Eventbrite opens office in Berlin and joins the event discovery market in the U.S

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The event ticketing platform Eventbrite has been used in Germany’s startup and tech industry for a while. However, it didn’t take off as quickly into other verticals. To change that, the company will now open an office in Berlin, Renaud Visage, CTO and co-founder at Eventbrite, will announce at Bits & Pretzels in Munich today.  

He also spoke to VentureVillage about the company’s goals for 2015, Eventbrite’s financial situation, and why the German market is difficult to enter.

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Visage: “The local connection is critically important for the German market”

In 2012, Eventbrite launched its German website at the same time that it launched in many other European countries. In Germany, other verticals (besides tech) took more time to gain traction than other markets.  

“We learned that we need a team on the ground,” says Visage. This is Eventbrite’s first office in a non-English speaking country. In personal conversations with event organizers, Eventbrite understood that Germans fancy personal contact, a team and support staff to communicate in German with. “The local connection is critically important for the German market,” Visage stresses.

As the startup is strong in tech and startup conferences and events, Eventbrite will now focus on other verticals. “Looking at the data, there is a large number of food and wine events popping up,” Visage says. Besides those, festivals, music events, and conferences are also on the list.

After launching the German website in 2012, it soon became clear that it needed adjustments, such as additional payment options. These have now been made so that the product is ready to be pushed back onto the German market.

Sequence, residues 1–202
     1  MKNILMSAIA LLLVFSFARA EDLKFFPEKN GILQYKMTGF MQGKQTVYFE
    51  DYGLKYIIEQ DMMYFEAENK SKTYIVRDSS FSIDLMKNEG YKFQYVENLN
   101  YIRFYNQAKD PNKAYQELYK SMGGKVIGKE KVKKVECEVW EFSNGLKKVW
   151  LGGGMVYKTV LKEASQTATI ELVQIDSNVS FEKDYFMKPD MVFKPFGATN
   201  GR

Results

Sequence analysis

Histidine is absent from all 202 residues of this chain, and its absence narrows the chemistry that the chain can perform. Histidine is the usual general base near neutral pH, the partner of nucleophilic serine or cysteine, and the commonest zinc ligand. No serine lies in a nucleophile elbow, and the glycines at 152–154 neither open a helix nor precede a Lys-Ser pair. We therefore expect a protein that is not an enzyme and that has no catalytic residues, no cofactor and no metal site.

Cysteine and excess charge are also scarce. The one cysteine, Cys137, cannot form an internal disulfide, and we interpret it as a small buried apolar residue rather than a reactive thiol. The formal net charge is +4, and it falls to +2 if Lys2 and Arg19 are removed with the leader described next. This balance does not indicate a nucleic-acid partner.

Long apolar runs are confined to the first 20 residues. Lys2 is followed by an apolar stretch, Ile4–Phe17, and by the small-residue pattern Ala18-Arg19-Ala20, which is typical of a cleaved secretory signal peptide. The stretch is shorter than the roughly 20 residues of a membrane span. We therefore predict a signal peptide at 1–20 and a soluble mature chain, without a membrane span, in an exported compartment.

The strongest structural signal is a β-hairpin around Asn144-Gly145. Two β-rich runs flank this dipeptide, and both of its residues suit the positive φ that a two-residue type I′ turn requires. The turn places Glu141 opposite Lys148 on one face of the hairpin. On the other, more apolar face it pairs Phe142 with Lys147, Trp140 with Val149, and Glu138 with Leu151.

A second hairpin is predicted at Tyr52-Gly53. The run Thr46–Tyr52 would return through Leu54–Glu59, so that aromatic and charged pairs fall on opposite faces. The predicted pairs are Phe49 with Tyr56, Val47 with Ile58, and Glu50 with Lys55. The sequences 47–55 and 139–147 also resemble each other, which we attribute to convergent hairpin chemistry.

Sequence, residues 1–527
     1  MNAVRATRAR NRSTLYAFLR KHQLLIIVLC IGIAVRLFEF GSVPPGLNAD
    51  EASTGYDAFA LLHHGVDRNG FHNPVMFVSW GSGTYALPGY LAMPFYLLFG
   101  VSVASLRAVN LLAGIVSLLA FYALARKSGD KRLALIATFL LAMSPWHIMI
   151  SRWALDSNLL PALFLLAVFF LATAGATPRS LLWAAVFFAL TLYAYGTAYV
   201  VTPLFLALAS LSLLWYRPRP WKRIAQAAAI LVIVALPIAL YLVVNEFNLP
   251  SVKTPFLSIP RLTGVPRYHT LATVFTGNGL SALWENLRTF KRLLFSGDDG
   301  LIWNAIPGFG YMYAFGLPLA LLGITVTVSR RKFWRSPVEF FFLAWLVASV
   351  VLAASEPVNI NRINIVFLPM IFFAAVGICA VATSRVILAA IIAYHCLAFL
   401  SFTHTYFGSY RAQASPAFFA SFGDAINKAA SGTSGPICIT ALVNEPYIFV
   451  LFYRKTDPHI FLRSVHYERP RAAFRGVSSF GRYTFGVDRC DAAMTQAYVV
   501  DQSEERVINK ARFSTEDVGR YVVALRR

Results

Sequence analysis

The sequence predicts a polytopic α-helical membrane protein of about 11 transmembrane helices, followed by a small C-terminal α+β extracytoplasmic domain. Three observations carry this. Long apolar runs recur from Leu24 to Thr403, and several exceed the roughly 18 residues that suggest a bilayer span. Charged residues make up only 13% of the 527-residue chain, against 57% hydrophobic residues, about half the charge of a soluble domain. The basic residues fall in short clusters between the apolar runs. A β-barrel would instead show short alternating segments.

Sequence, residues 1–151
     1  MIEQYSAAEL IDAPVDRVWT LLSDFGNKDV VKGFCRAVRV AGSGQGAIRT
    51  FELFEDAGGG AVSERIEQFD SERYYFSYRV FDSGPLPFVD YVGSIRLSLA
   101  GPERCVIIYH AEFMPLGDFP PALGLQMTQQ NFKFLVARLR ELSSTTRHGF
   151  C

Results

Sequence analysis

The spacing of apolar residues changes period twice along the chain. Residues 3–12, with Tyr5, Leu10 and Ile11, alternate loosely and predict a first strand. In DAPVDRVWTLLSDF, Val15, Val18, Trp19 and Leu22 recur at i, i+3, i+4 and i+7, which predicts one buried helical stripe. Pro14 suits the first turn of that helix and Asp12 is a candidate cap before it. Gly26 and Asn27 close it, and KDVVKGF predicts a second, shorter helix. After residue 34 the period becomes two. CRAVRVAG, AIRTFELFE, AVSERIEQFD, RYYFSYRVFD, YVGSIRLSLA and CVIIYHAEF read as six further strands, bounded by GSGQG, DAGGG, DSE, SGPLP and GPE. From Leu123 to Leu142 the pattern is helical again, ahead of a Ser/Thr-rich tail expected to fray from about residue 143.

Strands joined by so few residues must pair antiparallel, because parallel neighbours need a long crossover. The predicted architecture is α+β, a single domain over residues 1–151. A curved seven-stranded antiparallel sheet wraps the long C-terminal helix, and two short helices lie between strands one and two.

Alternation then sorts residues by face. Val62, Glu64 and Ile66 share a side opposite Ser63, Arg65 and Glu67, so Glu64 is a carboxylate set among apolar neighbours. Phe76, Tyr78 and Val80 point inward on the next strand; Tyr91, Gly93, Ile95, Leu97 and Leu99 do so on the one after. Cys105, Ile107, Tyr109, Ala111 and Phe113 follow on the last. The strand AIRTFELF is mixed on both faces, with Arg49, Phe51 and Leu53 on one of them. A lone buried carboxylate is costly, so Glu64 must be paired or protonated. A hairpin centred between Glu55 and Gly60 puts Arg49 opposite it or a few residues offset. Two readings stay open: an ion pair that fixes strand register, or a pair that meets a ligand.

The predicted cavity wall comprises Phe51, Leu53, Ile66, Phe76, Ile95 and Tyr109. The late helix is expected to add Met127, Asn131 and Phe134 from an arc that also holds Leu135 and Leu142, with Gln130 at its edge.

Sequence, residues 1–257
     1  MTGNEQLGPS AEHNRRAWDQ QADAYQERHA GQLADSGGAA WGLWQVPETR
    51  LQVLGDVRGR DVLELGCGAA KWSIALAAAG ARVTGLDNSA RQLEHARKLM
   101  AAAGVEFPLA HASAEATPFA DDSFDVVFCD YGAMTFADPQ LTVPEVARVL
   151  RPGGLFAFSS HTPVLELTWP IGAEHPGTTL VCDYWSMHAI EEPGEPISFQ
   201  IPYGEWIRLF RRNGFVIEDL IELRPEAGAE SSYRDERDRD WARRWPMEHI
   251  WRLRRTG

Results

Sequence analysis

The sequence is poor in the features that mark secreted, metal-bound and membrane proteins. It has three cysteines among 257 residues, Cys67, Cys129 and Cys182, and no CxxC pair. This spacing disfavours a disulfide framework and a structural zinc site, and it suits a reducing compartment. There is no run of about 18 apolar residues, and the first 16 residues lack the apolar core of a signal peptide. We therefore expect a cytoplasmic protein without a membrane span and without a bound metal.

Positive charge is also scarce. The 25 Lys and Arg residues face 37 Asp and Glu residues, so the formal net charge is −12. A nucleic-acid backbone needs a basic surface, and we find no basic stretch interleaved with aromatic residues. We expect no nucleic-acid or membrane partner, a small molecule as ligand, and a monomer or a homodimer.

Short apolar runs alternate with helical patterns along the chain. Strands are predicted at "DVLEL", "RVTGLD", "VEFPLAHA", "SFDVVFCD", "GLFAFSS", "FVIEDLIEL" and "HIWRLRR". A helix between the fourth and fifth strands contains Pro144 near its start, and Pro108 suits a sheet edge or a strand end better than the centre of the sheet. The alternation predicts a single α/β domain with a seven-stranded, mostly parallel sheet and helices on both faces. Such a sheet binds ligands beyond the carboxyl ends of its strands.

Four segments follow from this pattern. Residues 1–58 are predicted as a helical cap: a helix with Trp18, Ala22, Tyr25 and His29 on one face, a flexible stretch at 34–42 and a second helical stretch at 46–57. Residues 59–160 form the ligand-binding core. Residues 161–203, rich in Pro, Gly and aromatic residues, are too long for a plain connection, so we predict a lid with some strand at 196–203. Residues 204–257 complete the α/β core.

In total, Eventbrite hired a team of nine people, including Marketing Manager Sandro Spiess who previous filled that position at Xing Events in Munich.

Taking into account learnings from the past two years, Eventbrite plans to enter more German cities one by one.

To make the offer more attractive to first time users, Eventbrite will cut the fees for priced tickets (free tickets don’t come with fees anyways) for the next four months.

Becoming profitable and event discovery in the U.S. in 2015

As at every company, there is a long list of goals for this year. “In 2015, we will work on coming closer to becoming profitable,” Visage says. Through process optimization, costs and the number of employees in the company is well balanced, Visage says. With an overall funding of $200 million (the last $60 million were raised in March 2014) there is also no need to raise another financing round, he adds.

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But besides financial goals, there is also a new product focus. While it has been mostly known to be an event and ticketing organization tool until now, the company wants to join the event discovery market and become the leading marketplace in finding the right events. As the platform is widely distributed in the U.S., this service will be available there first. European countries will follow as soon as more verticals gain more traction.

Competition is out there: Vamos, a startup based in Berlin-Mitte, is one of them. Also, sites such as LinkedIn, Facebook, and platforms like amiando (acquired by Xing in 2010) want to make sure customers get what they didn’t know they were looking for, sell tickets, collect data, and in the end become number one.

Though many events are recommended through friends or people with common interests, the variety and relevance of events can still be improved. With a company as large as Eventbrite, it will get interesting in the industry.

Image: All rights reserved to Anna Zoe Schmidt